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Semi-guide to make CC for The Sims 3, Part 4.1


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This isn't a detailed guide for that go to modthesims, thesimsresource, tumblr, youtube, etc. I'm just sharing whatever I've learned while making stuff.

  • Part 1 (Tools) here
  • Part 2 (How CC works) here
  • Part 3 (Textures) here

If I omitted something or need more help let me know.

Part 4.1, Meshing: General info

Because meshing involves lots of info I will proceed dividing the subject in several parts I’m counting you already read the previous parts or at least you are somewhat familiar with the modding tools. You can also start reading most of the tutorials located on modthesims. Inside the spoiler I included links to some of them plus informative posts:

Clothes aren’t “standalone” it includes body parts like neck, hands, legs and more depending how revealing they are and to make things trickier both share the same texture space/UV map; the only exceptions are hair and 3D accessories like watches, necklaces, earrings, glasses and alike. Yes, you can make an accessory jacket or even a full dress BUT this game is known to blurry textures from accessories and even with the HD mod and/or 4k textures the results can look plain ugly.


Left. AfBodyRomanticSlip’ Mesh; Right. Its UV map


Also your mesh needs to be adapted to at least to 3 body shapes or “morphs” besides the “base” one: fat, thin and fit, the fifth one is optional and its meant for pregnant sims. The SAME MESH must be adapted for every morph or TSRW will throw an error. Cmar’s Mesh Toolkit and TSRW can autogenerate morphs if used with a reference mesh but the more complex your mesh is the more difficult will be for the tool to generate them correctly so most of the time you’ll need to make corrections manually afterwards.


Morphs form AfBodyRomanticSlip, from left to right: group_base, group_fat, group_thin, group_fit


Talking about weight, every vertex has a bone value/bone paint/bone assignment allotted that is used by animations and sliders, cherry on top? There’s a limit on the number of bones you can include in your clothes, anything above 60 will provoke weirdness no matter what, the easiest way to deal with it is to divide you mesh in at least “two groups” (check most “full body” clothes made by EA to see an example of this). Mesh Toolkit/TSRW can also help you with bones but the same limitation applies


This is how Sexy Rabbit works: (highlighted in red) the neck, tail, cuff and legs are separated in one mesh group, leaving the whole upper torso in a second one


The game uses two Levels Of Detail: LOD2 and LOD3, there’s some conflicting info around how the game uses them but it seems both are invoked depending on the camera distance and map view. As I said on the first part of this “guide” you only need to worry about LOD 2, for 3 you can “recycle” parts from the rest of the game. LODs aren’t linked meaning you don’t forcibly need to create LOD2/LOD3 for a piece of CC to show in the game, but it’s preferred to do so. Some 3D accessories (like glasses, earrings, rings and alike) don’t use morphs and some of them use a fourth LOD for better detail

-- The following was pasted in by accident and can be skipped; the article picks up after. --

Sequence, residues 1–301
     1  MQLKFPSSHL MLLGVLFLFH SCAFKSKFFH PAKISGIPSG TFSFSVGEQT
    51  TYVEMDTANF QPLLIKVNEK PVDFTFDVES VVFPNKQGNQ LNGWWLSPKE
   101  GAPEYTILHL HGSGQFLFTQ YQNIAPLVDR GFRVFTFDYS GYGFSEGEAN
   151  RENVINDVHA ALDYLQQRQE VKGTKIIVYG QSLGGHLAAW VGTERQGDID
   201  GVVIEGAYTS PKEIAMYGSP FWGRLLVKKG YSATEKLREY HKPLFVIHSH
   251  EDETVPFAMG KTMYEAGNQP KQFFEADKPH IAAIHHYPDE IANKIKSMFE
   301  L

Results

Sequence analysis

LODs used on Impheels Gala, from left to right: LOD1, LOD2, LOD3.


Depending on your garment you will have to take care of seams on the neck, hip and ankles for every morph and LOD; this is the only part where you can’t deviate from the original sim-body design otherwise you will have visible and very nasty gaps on those areas or small but very annoying white dots. In short, every vertex located on the seams must coincide on the same place ALSO they need to share the same bone values or won’t synchronize during any kind of animations. Mesh Toolkit has a tool to fix seams but I can’t say if it works because I prefer to fix seams directly on Milkshape.


Vertices on the top of the “Impossible Feet” coincide in position and bones value with those located on the legs


I heard several times there’s also a limit on the number or polygons you can include on a mesh, it seems it’s around 10k BUT I had seen all type of custom garments surpassing this limit from 20k necklaces to 40k shoes or 70k blouses so honestly I don’t know. Obviously a “slim” mesh is going to be easier to manipulate and fix if necessary but also modern tools like maya, modo or marvelous designer can modify gigantic meshes without effort. If you ask me I prefer to be on the “safe side”, specially with clothes because clipping is a VERY BIG problem that can cause countless headaches...

So in resume compared to other games The Sims 3 is not that complex to mod (if I did it so can you!) but the more ambitious you are the more you will be jumping through hoops to achieve it.


Edited by JoshQ
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